• Developing nonpoint source management programs to address the impaired or threatened waters identified in nonpoint source assessments.
  • Implementing their EPA-approved nonpoint source management programs over a multiyear time frame.
All states and territories and, as of September 2001, more than 70 tribes (representing over 70 percent of Indian Country) now have EPA-approved nonpoint source assessments and management programs.

INTRO-3 The stories highlight the range of best management practices, training programs, and other acitivites implemented to achieve measurable improvements in water quality.

In 1995, recognizing the growing experience of states, tribes, and localities in addressing nonpoint source pollution and the fact that state, tribal, and local nonpoint source programs had matured considerably since enactment of section 319 in 1987, representatives of EPA and the states, under the auspices of the Association of State and Interstate Water Pollution Control Administrators (ASIWPCA), initiated joint discussions to develop a new framework for further strengthening state nonpoint source programs. These discussions continued for more than a year, spanning fiscal years (FY) 1995 and 1996, and resulted in new national section 319 program and grant guidance that EPA signed and ASIWPCA endorsed. This May 1996 guidance reflected the states' and EPA's joint commitment to upgrade state nonpoint source management programs to incorporate nine key program elements designed to achieve and maintain beneficial uses of water.

The guidance also provided for discontinuing competitive award of a portion of each state's annual section 319 grant award, thereby ensuring a firm annual planning target for each state at the outset of each annual award cycle, reducing the amount and frequency of administrative oversight and reporting, and offering greater flexibility for the states and territories in establishing priorities for the use of these funds. Additionally, a state that incorporates all nine key elements into its revised nonpoint source management program and has a proven track record of effective implementation of its nonpoint source programs is formally recognized by the Regional Administrator and the Assistant Administrator for Water as a Nonpoint Source Enhanced Benefits State. Nonpoint Source Enhanced Benefits States are afforded substantially reduced oversight and maximum flexibility to implement their state programs and to achieve water quality objectives. Thus, although EPA greatly streamlined the section 319 grants program for all states, it also provided further flexibility to the Nonpoint Source Enhanced Benefits States with complete programs and proven track records.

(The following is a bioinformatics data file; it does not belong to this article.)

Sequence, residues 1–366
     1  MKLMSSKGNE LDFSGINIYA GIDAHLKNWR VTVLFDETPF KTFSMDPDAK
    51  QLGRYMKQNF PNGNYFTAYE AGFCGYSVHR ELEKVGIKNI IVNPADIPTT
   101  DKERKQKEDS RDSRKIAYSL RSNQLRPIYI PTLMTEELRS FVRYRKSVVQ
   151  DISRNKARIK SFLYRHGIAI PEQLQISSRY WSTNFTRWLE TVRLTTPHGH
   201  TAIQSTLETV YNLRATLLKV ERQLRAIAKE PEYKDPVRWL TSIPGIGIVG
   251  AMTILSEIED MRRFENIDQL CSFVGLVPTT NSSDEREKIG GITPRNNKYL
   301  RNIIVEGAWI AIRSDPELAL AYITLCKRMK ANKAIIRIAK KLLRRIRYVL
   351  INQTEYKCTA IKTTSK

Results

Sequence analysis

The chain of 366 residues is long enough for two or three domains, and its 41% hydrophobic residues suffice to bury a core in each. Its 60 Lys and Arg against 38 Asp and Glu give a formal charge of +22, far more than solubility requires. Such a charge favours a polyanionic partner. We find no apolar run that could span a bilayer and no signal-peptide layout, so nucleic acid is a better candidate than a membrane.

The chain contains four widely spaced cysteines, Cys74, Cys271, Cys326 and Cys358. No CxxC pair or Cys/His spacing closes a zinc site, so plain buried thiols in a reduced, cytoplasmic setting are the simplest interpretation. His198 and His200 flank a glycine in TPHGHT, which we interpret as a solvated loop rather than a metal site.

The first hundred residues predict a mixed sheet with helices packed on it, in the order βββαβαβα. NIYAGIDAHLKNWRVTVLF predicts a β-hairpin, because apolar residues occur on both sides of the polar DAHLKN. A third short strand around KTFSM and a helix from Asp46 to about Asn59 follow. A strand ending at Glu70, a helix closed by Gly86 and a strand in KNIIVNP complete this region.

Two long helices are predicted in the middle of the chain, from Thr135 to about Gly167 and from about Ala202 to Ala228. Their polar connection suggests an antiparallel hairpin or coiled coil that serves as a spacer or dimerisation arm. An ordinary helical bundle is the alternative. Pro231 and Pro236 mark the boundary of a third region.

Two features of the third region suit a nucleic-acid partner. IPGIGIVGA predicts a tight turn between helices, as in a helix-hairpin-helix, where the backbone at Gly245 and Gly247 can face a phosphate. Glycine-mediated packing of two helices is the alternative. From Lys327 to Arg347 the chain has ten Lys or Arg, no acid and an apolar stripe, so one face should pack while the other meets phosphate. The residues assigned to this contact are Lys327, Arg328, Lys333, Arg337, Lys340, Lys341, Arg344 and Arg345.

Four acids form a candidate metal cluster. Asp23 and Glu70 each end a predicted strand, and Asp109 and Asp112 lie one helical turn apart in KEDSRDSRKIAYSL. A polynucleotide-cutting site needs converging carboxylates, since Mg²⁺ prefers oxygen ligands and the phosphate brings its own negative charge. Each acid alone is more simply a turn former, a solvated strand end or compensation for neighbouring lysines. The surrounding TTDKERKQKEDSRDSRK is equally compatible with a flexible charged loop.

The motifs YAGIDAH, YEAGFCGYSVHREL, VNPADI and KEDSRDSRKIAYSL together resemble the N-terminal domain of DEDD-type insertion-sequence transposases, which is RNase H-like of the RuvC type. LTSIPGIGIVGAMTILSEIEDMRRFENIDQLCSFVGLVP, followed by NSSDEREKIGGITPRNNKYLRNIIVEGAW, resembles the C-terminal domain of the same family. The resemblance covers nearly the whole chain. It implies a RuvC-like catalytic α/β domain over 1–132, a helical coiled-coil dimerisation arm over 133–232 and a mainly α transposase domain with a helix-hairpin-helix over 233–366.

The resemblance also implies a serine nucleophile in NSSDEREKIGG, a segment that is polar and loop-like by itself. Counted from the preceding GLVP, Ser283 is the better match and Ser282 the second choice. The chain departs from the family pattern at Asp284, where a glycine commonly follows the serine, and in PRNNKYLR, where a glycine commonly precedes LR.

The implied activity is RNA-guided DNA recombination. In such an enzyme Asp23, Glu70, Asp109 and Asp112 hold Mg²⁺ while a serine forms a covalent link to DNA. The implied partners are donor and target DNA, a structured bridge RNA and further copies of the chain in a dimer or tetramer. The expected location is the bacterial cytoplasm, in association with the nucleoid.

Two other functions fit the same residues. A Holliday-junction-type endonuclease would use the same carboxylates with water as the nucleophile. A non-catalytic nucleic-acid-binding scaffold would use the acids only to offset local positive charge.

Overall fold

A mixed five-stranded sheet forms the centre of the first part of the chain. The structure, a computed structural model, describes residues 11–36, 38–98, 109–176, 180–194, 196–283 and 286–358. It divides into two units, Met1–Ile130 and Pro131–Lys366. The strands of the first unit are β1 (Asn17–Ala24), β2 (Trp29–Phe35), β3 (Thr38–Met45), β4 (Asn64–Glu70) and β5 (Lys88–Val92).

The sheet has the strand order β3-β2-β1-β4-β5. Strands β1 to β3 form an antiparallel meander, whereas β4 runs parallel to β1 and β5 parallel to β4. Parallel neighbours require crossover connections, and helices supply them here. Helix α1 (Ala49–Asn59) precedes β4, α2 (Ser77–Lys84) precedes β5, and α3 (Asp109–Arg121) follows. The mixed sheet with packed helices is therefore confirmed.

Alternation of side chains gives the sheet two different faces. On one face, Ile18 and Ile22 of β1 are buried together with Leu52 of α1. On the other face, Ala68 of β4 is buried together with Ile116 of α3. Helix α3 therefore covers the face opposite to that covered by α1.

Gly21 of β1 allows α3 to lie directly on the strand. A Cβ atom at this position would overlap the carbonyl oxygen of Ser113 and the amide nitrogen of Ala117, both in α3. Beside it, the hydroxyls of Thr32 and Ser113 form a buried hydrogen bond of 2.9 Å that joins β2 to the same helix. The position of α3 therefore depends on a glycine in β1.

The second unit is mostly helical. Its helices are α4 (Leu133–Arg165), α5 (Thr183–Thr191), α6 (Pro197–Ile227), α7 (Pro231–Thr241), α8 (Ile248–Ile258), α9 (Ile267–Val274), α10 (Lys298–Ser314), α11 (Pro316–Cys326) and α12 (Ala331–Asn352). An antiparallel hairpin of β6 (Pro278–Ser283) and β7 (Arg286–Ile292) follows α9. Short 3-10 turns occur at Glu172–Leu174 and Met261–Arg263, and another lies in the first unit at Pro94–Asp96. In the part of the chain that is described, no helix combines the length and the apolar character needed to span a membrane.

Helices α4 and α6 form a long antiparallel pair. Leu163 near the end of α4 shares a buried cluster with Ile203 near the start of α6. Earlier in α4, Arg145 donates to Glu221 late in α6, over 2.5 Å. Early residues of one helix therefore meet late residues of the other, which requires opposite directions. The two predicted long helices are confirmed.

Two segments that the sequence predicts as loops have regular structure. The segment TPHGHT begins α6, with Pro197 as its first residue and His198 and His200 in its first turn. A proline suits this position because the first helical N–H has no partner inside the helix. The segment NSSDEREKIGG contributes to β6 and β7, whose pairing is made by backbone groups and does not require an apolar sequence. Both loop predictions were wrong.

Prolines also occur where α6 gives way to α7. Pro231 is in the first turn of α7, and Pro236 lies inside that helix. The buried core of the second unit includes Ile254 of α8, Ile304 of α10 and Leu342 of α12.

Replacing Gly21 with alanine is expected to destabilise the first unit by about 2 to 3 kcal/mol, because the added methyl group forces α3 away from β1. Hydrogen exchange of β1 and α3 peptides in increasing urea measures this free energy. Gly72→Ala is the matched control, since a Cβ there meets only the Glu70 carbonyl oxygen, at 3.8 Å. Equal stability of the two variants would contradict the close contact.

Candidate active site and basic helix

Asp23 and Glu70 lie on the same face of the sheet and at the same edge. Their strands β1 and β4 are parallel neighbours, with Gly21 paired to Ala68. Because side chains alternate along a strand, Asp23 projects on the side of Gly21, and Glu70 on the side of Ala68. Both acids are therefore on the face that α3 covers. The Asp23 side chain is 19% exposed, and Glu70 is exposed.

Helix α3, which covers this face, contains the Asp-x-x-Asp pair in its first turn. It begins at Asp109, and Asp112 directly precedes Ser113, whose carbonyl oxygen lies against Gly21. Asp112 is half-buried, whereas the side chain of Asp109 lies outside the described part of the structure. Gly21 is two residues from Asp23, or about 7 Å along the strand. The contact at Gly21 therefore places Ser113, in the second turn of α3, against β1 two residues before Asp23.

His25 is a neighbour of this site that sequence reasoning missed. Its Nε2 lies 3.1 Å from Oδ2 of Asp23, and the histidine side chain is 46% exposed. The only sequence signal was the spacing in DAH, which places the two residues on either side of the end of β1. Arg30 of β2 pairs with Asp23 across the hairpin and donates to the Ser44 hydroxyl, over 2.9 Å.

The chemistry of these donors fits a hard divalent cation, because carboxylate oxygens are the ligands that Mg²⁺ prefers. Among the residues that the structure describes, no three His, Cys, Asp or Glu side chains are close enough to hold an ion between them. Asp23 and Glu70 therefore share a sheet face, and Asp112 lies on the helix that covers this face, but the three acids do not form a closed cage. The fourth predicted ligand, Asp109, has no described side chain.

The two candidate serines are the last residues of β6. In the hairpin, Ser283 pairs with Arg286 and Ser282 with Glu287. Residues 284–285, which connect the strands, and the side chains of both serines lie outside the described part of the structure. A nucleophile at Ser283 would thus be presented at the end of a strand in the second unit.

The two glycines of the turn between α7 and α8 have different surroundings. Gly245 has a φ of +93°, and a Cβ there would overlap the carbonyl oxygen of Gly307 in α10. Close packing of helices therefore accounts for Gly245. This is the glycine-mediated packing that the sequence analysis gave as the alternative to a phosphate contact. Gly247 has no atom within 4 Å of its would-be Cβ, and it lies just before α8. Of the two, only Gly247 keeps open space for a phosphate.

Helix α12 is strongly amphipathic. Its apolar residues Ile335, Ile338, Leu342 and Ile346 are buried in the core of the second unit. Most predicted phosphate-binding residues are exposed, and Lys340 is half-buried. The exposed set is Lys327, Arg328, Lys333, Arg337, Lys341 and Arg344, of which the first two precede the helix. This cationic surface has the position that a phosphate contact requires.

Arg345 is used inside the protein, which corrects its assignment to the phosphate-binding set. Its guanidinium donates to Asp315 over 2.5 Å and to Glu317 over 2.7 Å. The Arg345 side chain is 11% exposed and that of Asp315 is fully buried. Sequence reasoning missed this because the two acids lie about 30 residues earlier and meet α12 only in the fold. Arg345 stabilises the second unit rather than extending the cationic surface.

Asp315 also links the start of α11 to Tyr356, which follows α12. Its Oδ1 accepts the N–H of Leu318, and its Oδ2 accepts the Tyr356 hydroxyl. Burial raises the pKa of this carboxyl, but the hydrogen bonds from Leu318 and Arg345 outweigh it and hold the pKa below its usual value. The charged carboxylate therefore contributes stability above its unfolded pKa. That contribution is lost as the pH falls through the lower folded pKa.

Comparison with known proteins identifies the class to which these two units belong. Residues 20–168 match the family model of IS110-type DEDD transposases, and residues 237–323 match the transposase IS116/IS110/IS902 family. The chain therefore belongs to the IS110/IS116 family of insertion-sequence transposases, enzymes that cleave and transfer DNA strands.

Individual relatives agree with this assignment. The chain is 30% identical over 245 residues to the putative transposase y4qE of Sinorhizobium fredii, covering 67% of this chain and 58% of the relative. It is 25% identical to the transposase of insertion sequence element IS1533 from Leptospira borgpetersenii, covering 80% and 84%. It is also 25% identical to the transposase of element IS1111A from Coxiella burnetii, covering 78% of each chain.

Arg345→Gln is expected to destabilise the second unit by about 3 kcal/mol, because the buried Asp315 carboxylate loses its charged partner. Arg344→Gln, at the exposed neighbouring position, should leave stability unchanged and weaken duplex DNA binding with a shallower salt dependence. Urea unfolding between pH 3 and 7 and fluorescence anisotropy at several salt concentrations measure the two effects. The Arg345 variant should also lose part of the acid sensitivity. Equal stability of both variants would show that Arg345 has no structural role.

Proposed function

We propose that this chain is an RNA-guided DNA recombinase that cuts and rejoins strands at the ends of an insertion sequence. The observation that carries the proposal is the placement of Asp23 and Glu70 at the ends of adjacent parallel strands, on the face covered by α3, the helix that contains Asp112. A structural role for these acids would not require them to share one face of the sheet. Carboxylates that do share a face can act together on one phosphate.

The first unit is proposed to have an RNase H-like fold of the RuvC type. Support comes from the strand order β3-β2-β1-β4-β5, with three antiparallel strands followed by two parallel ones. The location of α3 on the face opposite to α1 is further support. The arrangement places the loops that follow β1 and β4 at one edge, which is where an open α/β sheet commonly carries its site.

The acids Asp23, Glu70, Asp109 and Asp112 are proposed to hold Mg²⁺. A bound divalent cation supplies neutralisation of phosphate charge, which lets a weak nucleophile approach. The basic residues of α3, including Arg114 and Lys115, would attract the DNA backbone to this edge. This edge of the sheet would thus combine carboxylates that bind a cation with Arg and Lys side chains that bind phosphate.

The nine key elements that form the core of the states' upgraded nonpoint source management programs are the following:

  1. Short- and long-term goals and objectives.
  2. Strong working partnerships with all key stakeholders.
  3. Balanced approach emphasizing statewide and watershed-level programs.
  4. Plans to abate known impairments and prevent significant threats to water quality.
  5. Identifying and progressively addressing impaired or threatened waters.
  6. Establishing flexible, targeted, iterative approaches.
  7. Identifying federal programs that are not consistent with state programs.
  8. Efficient and effective program management and implementation.
  9. Periodic review and evaluation of program success at least every 5 years.
All states and territories will have approved, upgraded nonpoint source management programs by the end of 2001.

Responsibility and funding for the 319 Program

EPA is divided into 10 regions, with offices in Boston, New York City, Philadelphia, Atlanta, Chicago, Dallas, Kansas City, Denver, San Francisco, and Seattle. Each EPA region has a Nonpoint Source Coordinator, who is familiar with the nonpoint source programs in each of the states, territories, and tribes in that region and the 319 funding process that supports them. In turn, each state has a designated Nonpoint Source Coordinator responsible for managing the state's nonpoint source activities and funds. For specific EPA regional and state NPS Coordinators, see EPA's web site at Where You Live.